Students in a high school cooking class allegedly decorated a chocolate dessert as blackface and sold it at a bake sale.
According to The Oregonian, Ayesha Freeman, the principal of Cleveland High School in Portland, Or., emailed parents on Thursday to relay “an event… that was hurtful to our staff and students of color.”
Cleveland student Brody Kreiter tweeted, “A bunch of white girls at my school made a blackface chocolate and we're all pissed about it...” alleging that a noose was also found hanging in a school entrance way.
a bunch of white girls at my school made a blackface chocolate and we're all pissed about it: a thread (PLEASE SHARE THIS SO SOMETHING CAN ACTUALLY BE DONE) tw: racism, sexual assault pic.twitter.com/eh6EXTLpbB— brody k (@brodyurbro) April 26, 2019
so the culinary teacher from my school got a face mold and filled it with dark chocolate. yesterday morning he gave it to the group of girls and told them to do whatever they wanted with it. they decorated it and called it "alfonso" because "it's a black name."— brody k (@brodyurbro) April 26, 2019
earlier this week, a noose was founding hanging in the front hallway. admin emailed some of the clubs saying that "it could have been interpreted as a symbol so racial hatred" which is extremely likely. our school has a history of swastikas being drawn on posters in the hallway— brody k (@brodyurbro) April 26, 2019
Kreiter said the teacher sold the item at the unusually high price of $10 and forced members of the black student union to purchase the cake in order to make it disappear.
the culinary teacher decided to put it up for sale, jacking the price up to $10 which is much higher than anything else culinary sells. i.e. if they make pizza, they'll charge $1 per slice. the teacher refused to take it out when it was finally recognized as an issue.— brody k (@brodyurbro) April 26, 2019
at this point, it was the afternoon and the thing had been sitting out all day for students to see. finally, someone from the black student union came to remove it, but the teacher insisted that they had to buy it. eventually, they paid the $10 and disposed of the cake.— brody k (@brodyurbro) April 26, 2019
He said the school apologized for the cake over the intercom. “This usually just means suspending students and dealing with it as fast as possible,” Kreiter tweeted. “This never means trying to tackle the emotional trauma that students have been enduring.”
update: they just made an announcement over the intercom apologizing that it happened and saying that they want to start a "restorative process." this usually just means suspending students and dealing with it as fast as possible. this never means trying to tackle the emotional— brody k (@brodyurbro) April 26, 2019
trauma that the students have been enduring.— brody k (@brodyurbro) April 26, 2019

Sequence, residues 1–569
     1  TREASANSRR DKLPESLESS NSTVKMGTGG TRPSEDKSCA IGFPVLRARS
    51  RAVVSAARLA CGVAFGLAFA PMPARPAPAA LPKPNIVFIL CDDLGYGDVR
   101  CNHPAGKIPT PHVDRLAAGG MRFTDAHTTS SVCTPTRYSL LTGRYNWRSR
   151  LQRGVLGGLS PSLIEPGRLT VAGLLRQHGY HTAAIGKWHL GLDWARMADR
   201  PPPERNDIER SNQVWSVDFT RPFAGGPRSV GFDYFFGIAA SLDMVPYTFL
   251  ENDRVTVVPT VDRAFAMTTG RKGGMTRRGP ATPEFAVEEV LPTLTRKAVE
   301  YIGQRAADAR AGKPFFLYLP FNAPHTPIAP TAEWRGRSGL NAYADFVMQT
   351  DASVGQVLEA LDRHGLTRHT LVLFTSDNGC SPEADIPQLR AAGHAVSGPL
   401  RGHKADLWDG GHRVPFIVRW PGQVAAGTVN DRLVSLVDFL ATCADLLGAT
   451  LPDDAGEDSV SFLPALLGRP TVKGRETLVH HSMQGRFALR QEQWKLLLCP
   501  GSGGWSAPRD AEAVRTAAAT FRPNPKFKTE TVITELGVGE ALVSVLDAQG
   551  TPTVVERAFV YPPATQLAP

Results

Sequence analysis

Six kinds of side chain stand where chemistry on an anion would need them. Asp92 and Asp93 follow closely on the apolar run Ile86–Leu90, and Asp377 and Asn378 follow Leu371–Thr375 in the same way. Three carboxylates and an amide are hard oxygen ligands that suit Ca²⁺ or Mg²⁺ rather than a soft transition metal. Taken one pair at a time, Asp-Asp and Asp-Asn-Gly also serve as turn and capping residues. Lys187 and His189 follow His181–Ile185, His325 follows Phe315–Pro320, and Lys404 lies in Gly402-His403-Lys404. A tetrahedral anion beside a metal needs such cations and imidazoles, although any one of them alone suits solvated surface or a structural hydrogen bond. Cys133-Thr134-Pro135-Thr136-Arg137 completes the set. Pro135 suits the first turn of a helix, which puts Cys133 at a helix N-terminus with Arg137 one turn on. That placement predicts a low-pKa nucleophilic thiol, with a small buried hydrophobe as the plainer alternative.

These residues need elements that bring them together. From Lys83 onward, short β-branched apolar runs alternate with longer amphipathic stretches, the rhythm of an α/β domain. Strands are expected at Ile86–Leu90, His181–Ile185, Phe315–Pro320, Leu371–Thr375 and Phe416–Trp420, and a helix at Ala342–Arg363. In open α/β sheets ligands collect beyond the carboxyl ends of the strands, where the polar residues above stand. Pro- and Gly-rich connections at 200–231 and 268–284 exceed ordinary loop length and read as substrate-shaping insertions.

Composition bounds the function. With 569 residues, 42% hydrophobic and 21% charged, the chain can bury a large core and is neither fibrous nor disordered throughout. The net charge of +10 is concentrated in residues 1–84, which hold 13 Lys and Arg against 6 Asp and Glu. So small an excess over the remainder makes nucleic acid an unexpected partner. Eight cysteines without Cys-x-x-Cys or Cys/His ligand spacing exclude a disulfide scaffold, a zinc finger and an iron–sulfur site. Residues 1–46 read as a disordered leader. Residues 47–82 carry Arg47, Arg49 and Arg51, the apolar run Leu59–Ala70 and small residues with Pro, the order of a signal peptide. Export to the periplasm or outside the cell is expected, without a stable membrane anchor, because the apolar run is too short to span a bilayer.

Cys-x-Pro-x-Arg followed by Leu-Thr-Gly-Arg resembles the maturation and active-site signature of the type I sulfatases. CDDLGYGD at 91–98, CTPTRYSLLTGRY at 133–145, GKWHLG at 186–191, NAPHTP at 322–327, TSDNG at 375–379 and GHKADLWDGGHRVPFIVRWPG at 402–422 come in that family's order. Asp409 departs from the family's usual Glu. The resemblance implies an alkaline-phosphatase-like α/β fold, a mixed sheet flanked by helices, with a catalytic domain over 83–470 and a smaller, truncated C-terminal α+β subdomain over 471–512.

And Kreiter tweeted a May 2018 Instagram post from the school’s culinary account, that read, “Alfanso and his tribe would like to say we like chocolate!!”
When reached by Yahoo Lifestyle, school spokesperson Harry Esteve said, “We are still gathering facts to determine exactly what happened. We want and expect our schools to be places where all students feel safe, welcome, included and respected by staff and classmates. Any act of racism, racial insensitivity or discrimination of any sort is completely unacceptable at our schools. Our primary focus in the days ahead is on giving our students any and all supports they need as they begin to heal from this incident.”
Esteve sent Yahoo Lifestyle a note to families from the school communicating a May 1st panel discussion, a May 2nd “Anti-hate assembly” specific to its Native American community, and a social studies lesson on the history of blackface.
“Ensuring that our school is a safe, respectful, and hate free space is core to our work at Cleveland,” wrote principal Ayesha Freeman. “While the above events are reflective of activities just this week, we know this is something that is constant, ongoing work with our staff, students and community. We will continue to keep equity work at the center of our professional learning as school as we finish this year and prepare for next year. Our mission at Cleveland HS is to promote active, responsible citizens and provide a community where everyone is included. There is no place for hate speech or racism at our school. We must come together to demand change and protect our students.”
Kreiter declined an interview with Yahoo Lifestyle. The Oregonian reports that Freeman sent an email Monday about a string that was hung like a noose in a school doorway.
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